The military government instructed that pharmacies operating along the Southern Shan State and Karenni (Kayah State) border would first need to get a license from the military officials in order to run the shops.
According to a resident, only three pharmacy stores are available in Phaikhun township, Southern Shan State, and they are now operating with the permit from the military government.
“Now only three pharmacy stores are available, I mean the ones that are currently operating. All three of them have got permit from the military government in order to run the shop; however, we do not know about the terms of agreement,” a Phaikhun resident told SHAN.
It is reported that pharmacy stores in Phaikhun township must report the inventory list to the military officials, and some of the medicines were confiscated by them.
Additionally, apart from Phaikhun township, Moebye in Southern Shan State and Demoso in Karenni State, where fights between the PDF and the Myanmar military junta intensified, also need military officials permit to operate a pharmacy store.
A Phaikhun PDF expressed his view to SHAN that the restriction was meant to pressure the civilians and to make sure that PDF members do not easily get access to the needed medicines.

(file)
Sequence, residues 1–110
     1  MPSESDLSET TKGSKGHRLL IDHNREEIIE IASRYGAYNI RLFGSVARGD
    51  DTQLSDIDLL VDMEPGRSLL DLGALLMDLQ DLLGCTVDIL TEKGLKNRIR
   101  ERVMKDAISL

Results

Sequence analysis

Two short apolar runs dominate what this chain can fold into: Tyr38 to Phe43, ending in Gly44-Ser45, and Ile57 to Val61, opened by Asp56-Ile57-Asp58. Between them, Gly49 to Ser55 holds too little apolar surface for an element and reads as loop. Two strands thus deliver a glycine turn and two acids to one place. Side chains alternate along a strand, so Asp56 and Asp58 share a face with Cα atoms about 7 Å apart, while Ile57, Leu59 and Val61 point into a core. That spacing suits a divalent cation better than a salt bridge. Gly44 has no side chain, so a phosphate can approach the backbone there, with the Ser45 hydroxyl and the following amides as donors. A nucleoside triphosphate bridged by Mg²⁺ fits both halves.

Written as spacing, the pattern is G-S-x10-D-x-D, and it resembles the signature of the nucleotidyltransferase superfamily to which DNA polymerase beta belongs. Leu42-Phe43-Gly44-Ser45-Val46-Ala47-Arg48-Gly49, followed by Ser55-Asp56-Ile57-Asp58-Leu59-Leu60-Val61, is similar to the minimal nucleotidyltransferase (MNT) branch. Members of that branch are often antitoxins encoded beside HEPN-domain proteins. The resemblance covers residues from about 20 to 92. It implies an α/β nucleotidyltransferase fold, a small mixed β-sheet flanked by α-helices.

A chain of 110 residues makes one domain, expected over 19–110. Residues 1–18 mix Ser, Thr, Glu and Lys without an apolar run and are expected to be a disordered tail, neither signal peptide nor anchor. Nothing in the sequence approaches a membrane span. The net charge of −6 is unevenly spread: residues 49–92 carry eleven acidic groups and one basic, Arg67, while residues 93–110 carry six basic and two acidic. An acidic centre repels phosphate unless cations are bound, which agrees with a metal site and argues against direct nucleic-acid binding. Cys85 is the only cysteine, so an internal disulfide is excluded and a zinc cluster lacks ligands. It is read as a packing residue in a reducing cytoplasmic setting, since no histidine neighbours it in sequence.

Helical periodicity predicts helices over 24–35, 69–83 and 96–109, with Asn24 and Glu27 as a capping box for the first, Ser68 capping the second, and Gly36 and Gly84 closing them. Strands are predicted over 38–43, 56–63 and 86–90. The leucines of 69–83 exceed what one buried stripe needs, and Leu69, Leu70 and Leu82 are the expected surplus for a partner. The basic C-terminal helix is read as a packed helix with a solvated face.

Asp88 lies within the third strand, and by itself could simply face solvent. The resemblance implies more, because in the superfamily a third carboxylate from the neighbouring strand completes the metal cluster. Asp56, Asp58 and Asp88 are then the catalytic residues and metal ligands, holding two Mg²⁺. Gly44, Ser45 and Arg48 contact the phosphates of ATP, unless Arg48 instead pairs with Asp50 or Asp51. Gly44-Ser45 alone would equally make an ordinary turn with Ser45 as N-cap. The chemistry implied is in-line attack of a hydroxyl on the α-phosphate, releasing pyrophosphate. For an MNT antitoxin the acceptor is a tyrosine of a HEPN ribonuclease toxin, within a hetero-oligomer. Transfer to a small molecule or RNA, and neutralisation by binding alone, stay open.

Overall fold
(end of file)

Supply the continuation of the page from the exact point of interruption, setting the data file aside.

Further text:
“Because of the restriction, our comrades no longer go into the city to buy medicines now. If we do, we are afraid that it would affect the civilians. I think the restriction is to make sure that we do not have access to the necessary medicines and to control the civilians,” a Phaikhun based PDF, an information and communication officer, told SHAN.
Even though the armed conflicts are cooling down on the border of Southern Shan and Kareeni State, shortage of medicines and drugs are reported because of the military check points and products confiscation.
However, the clashes are still reported in Demoso township, Karenni State and People Defense Force (PDF) forces requested donations in order to fulfill the need of weaponry reinforcement, and medicines for the injured comrades.